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Greg Bird still doesn’t know when he’ll return to Yankees

Greg Bird #33 of the New York Yankees

Greg Bird #33 of the New York Yankees reacts after hitting a two-run home run during the second inning of a game against the St. Louis Cardinals at Yankee Stadium on Sunday, April 16, 2017. Credit: Steven Ryan

Those holding out hope that Greg Bird will be the answer to the Yankees’ woes at first base will have to keep waiting.

Speaking to reporters for the first time in more than a week Thursday at Yankee Stadium, Bird offered little clarity on when he’ll return to help a team receiving minimal production from its alternatives at the position.

The 24-year-old received a cortisone shot in his right ankle Wednesday, which will sideline him for three to five days. His rehab was shut down June 15 because of a right knee contusion, but the ankle continues to be a problem.

“I felt like I was making improvement and kind of getting where I wanted to be,” said Bird, who produced a .100/.250/.200 slash line in 19 games before going on the 10-day disabled list on May 2. “I don’t want to be shut down again, but it needs to get better. That’s the plain and simple answer, I guess.”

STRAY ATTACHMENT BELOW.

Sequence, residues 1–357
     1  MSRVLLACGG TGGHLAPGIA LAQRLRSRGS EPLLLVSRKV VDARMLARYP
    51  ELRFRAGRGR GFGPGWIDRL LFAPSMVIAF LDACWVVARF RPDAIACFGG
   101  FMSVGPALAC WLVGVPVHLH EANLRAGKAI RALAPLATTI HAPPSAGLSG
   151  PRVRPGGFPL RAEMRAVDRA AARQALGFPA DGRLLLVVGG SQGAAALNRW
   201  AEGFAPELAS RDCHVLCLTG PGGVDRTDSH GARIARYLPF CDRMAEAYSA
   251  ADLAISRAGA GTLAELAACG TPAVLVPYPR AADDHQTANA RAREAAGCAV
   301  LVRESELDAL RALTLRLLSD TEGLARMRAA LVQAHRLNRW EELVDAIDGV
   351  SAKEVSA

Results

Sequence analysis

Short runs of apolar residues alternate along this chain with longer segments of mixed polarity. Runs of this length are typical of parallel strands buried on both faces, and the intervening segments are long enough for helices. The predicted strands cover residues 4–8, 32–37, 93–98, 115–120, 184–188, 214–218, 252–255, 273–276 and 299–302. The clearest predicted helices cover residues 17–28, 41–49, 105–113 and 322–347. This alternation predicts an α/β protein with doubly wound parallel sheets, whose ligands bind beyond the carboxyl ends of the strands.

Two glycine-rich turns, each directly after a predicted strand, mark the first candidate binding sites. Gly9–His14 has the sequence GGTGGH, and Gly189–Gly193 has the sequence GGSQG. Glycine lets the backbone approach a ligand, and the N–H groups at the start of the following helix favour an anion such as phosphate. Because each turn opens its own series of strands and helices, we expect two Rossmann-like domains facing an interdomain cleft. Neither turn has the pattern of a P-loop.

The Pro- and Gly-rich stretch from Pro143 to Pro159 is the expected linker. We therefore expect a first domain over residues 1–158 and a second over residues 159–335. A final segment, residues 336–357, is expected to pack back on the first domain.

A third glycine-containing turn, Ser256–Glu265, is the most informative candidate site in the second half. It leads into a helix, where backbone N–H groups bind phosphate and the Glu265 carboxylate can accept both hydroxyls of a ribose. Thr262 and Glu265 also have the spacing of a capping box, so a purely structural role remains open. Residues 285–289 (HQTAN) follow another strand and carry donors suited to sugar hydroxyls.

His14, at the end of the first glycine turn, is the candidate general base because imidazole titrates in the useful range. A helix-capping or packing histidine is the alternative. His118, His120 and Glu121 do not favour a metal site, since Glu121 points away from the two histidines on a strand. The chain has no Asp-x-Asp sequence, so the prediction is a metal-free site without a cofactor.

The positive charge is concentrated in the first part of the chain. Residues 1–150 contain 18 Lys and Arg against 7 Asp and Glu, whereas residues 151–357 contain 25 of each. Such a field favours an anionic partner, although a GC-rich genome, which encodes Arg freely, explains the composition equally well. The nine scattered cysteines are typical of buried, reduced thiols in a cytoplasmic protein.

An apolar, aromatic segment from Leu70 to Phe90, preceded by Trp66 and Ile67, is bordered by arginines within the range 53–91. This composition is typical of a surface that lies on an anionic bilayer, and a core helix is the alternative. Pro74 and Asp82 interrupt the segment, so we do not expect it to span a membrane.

Before Thursday night’s game against the Angels, Yankees first basemen ranked last in the majors in OPS (.598) and batting average (.173).

Chris Carter entered play hitting .201 with eight home runs and 23 RBIs, far from good enough to compensate for his defensive shortcomings. But as Brian Cashman said Wednesday, he’s the team’s best option right now.

Bird reaffirmed his potential to be a key cog in the Yankees’ youth movement with a torrid spring training in which he had a .451/.556/.1.098 slash line with eight homers, 15 RBIs and 23 hits in 51 at-bats. This came after he missed all of 2016 with a torn labrum.

But after fouling a ball off his right foot on March 30 in an exhibition game in Clearwater, Florida, Bird scuffled through the first month of the regular season before being put on the DL.

“One of the things I felt like I was dealing with before I got shut down the first time was I just having a problem being on and off my foot and rotating on that foot,” Bird said.

He began a rehab assignment on June 1 and hit .237 with nine hits (four doubles) in 38 at-bats in 12 games before being shut down.

Manager Joe Girardi said that when Bird is cleared to restart baseball activities, he’ll “go back to rehab and start playing games and try to get his bat going.”

Bird said he’s unsure of how many more at-bats the team would like him to have in the minors before he is activated.

“I don’t necessarily think I need that many at-bats,” Bird said. “I felt fine seeing the ball. It was just when I go to make a move at the ball, it’s not there.”


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